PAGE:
It may have been an early start for these teams, but there were no signs of them still waking up to start. Both came out aggressive, specifically Dennis Smith Jr. who had eight of the Mavericks’ first 11 points, and the Lakers’ Julius Randle, a Dallas native, who put up 10 first quarter points. Outside of DSJ, the Mavericks were ice cold, shooting 5-of-18 in the first, down 31-20 after one.
In the second quarter the Mavericks’ second unit did some work to close the gap, with help from Dwight Powell who put up eight first half points (13 for the game). But the first half show was Dennis Smith Jr., who did everything offensively, putting up 17 points (6/11 shooting, 3/5 from three in the half). The Mavericks outscored the Lakers 32-15 in the second quarter, and the Mavericks went to the locker room up 52-46.
The third quarter saw neither team take a considerable lead, both sticking within a few points of each other for most of the frame. Brandon Ingram did not return to the game after half time due to a turned ankle. But the Lakers didn’t seem to miss a beat, closing the intermission gap, with the Mavericks up 73-70 after three.
Dirk kicked off the fourth with his first field goal of the game, a three that pushed the Mavs lead to ten, prompting a Lakers timeout. The Lakers returned with plenty of answers and took the lead on a 14-3 run.
Feeling nearly inevitable for most Mavs games right now, the teams entered the final five minutes within a point of each other (another “clutch game”). Both teams traded blows, with Jordan Clarkson and Kentavious Caldwell-Pope hitting big jumpers. But a combination of a DSJ layup, and a clutch bank shot from Harrison Barnes (stats) tied the game up with six seconds left. In overtime the teams stayed close, but a Julius Randle offensive board and basket sealed, with L.A. beating the Mavericks for the first time in 15 tries, 107-101.
As mentioned in our game preview, these teams play different styles, and fill very different box scores, though their records are similar. Much of that was on display in this game. The Lakers lead the league in average distance of shot attempts at 12 feet (the league average is just over 13 feet). The Mavericks are clear on the other end (14.3 feet), with only Houston averaging deeper attempts. Both styles were apparent here, with the Lakers leading the Mavericks in points in the paint 54-30.
But on the other side the Lakers, who are 29th in the league in turnovers per game, coughed the ball up 15 times. The Mavericks, leading the league with fewest turnovers per game, had just nine.
A lottery head-to-head
As predicted in the preview, Dennis Smith Jr. and Lonzo Ball didn’t really play opposite each other until late in the game. With Yogi Ferrell in the starting lineup (who had a cold outing), DSJ was opposite Lakers shooting guard Kentavious Caldwell-Pope to start. And you can be the judge as to why L.A. head coach opted to have Ball guard Yogi instead of DSJ. But late in the game, it was clear Smith wanted Ball defensively.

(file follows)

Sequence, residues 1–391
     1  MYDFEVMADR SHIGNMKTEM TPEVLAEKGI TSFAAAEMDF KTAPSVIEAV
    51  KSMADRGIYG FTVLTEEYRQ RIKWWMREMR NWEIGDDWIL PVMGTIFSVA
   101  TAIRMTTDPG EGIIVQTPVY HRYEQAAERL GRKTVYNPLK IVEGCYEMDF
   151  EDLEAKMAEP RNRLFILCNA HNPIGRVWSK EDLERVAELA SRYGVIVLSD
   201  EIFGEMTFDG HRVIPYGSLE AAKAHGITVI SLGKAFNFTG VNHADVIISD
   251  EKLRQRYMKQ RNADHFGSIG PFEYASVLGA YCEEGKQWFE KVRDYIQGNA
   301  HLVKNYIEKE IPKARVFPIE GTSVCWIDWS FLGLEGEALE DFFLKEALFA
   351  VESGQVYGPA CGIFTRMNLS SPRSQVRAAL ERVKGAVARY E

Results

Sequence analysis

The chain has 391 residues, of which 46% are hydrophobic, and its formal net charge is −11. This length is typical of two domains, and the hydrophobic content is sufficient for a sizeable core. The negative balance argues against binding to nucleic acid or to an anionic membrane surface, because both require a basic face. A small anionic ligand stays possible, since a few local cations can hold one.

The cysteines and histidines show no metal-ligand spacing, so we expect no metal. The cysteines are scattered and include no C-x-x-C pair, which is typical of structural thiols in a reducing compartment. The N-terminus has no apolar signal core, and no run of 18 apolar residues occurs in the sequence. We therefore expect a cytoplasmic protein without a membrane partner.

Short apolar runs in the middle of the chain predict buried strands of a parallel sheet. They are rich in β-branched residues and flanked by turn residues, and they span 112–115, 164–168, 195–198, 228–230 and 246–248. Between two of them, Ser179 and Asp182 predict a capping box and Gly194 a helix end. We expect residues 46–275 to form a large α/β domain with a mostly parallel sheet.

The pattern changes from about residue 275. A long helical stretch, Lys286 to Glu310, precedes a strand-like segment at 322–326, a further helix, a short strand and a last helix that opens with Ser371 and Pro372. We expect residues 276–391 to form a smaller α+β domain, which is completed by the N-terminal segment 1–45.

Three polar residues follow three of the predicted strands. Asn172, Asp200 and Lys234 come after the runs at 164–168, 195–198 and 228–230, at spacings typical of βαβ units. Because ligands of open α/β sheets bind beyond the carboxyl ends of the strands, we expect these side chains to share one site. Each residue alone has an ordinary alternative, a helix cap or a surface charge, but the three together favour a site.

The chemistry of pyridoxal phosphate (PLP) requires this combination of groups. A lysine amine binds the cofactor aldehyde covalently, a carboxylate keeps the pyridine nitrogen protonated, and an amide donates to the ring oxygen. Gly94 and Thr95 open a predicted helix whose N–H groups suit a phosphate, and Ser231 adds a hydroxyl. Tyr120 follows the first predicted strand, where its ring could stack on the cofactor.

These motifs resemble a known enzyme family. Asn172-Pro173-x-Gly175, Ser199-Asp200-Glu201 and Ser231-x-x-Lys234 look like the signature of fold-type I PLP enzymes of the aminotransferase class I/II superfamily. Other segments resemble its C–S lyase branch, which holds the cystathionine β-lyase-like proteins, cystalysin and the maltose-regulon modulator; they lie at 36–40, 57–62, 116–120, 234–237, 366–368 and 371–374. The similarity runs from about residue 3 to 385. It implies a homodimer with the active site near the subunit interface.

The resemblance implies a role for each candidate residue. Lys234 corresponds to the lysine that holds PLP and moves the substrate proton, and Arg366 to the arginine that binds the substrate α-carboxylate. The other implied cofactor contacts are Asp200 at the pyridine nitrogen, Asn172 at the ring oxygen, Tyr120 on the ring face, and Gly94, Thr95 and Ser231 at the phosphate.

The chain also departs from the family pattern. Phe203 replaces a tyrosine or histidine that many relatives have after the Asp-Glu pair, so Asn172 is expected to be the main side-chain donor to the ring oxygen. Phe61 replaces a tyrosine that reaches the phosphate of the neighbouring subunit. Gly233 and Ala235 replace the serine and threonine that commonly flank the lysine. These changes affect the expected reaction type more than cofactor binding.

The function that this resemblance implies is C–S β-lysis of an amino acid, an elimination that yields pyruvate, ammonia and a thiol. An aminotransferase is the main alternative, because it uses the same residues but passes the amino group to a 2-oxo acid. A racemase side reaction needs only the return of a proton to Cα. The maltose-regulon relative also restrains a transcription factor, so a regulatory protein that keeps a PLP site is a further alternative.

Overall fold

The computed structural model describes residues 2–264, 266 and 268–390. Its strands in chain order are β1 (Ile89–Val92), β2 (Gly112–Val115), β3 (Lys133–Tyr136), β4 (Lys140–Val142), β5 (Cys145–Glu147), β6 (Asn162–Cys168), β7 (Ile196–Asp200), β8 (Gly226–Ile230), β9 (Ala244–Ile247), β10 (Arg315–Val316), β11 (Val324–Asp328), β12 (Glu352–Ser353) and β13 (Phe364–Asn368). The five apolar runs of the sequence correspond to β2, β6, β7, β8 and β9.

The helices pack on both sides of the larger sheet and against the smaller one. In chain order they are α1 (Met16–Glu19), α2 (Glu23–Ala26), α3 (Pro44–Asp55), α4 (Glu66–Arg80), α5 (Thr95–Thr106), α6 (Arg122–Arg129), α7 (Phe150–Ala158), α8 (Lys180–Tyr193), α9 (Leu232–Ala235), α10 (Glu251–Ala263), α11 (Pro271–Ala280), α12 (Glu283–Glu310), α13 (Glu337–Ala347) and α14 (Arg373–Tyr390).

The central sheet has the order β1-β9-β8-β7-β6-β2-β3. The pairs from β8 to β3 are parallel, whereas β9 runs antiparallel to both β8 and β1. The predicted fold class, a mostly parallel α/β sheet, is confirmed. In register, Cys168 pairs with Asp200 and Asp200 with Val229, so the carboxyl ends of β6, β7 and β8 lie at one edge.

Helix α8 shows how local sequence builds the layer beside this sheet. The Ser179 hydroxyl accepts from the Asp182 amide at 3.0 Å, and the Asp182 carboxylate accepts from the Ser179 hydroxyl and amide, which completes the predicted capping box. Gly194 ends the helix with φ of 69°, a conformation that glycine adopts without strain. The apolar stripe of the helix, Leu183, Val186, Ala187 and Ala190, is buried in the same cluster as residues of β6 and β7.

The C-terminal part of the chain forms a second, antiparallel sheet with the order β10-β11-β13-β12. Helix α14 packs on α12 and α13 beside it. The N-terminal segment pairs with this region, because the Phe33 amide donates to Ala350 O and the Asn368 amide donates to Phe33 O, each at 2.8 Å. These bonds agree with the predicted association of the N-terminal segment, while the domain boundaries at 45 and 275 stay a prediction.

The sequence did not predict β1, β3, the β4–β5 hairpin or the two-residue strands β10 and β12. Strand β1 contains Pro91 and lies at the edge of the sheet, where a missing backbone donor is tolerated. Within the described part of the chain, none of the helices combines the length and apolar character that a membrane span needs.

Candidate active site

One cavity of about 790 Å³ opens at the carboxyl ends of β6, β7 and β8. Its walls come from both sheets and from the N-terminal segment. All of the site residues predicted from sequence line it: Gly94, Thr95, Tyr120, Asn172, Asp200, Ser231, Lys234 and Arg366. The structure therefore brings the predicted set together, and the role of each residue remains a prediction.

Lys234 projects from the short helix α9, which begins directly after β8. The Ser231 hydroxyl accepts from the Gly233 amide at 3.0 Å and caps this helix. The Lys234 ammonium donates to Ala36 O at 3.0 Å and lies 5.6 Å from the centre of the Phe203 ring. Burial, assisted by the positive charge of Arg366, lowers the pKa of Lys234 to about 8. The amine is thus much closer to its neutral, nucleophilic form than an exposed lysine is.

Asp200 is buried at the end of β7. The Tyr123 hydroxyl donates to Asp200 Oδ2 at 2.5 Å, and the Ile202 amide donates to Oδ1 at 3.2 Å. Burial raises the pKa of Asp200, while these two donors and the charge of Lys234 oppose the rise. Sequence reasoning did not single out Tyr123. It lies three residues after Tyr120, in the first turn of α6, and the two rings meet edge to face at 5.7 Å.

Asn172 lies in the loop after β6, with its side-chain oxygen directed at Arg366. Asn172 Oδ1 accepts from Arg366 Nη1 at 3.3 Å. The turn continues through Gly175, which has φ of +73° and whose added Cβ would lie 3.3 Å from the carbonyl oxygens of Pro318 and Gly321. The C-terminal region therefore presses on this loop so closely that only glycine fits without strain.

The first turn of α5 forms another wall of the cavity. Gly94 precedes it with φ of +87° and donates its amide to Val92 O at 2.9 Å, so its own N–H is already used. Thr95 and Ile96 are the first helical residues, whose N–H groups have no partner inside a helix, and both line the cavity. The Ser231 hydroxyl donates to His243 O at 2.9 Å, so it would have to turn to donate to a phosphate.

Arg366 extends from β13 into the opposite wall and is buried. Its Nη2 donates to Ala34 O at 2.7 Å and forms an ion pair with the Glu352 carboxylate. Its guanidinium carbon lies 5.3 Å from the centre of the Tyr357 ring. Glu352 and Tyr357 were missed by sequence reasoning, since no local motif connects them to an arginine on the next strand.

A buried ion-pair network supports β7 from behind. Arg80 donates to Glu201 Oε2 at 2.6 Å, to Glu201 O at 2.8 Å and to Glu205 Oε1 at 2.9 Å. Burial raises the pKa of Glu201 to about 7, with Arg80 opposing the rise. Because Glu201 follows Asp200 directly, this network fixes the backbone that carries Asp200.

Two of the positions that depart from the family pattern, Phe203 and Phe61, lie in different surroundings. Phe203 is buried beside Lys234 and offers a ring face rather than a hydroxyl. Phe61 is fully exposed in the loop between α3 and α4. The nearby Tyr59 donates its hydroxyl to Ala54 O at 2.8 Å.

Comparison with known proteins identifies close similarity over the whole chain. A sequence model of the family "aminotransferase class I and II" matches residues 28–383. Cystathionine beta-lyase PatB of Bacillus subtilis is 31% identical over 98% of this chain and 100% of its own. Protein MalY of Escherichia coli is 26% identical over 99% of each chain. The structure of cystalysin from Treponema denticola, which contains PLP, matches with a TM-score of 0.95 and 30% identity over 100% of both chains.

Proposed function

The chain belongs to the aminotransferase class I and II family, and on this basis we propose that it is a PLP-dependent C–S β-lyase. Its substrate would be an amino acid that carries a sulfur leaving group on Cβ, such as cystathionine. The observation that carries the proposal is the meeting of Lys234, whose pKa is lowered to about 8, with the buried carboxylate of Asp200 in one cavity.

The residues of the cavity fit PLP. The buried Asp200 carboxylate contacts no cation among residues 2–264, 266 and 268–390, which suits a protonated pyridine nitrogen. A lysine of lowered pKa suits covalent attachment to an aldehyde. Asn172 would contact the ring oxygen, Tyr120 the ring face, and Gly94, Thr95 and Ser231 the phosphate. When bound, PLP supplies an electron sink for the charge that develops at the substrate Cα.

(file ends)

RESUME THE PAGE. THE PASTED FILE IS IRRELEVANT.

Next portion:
Even if it wasn’t a one-on-one matchup, we can at least look at their stats. Ball did the things that Ball typically does: grabbed boards and handed out rebounds, but had trouble getting any offensive rhythm (9 points, 7 assists, 7 rebounds, on 4/13 shooting). Dennis was hot in the first half, but remained very quiet after the break, finishing up with 23 points, 3 assists, 2 rebounds, on 8/19 shooting.
He seemed a bit more assertive to start the game, and didn’t seem to always find that gear after the break (though he found it for a brief moment inside 20 seconds to cut the Lakers lead to one). This battle will hopefully only grow from here.
An opponent’s homecoming
For many NBA fans, this month-long stretch in to February is just as exciting as game action or summer free agency. Trade rumors are constantly circulating before the deadline, and recently the Mavericks have been on the periphery of those - primarily linked to the Lakers as they try to clear even more cap space.
So it should be no surprise that Julius Randle (who is the center of these rumors) would be asked about it as he visited his hometown, before the game today:
Dallas native Julius Randle on reported trade rumors involving the Mavericks: "Obviously, I love the city of Dallas, but right now I'm an L.A. Laker" via @sportsdaydfw— Brad Townsend (@townbrad) January 13, 2018
Randle had himself a game today, playing aggressively on the block on offense, and snatching nearly every rebound that came his way. He certainly has his flaws, and it’s unclear what kind of fit he’d be in Dallas next to Harrison Barnes. But his 23 points and 15 rebounds gave the Mavs front office a nice idea of what he’s capable of.
It should be mentioned that another name floating around is Lakers guard Jordan Clarkson, who came on late today hitting big jumper after big jumper. He was big, with 19 points off the bench.
It would be surprising to see the Mavericks really make any moves, but be sure to check in at Mavs Moneyball for any and all deadline coverage.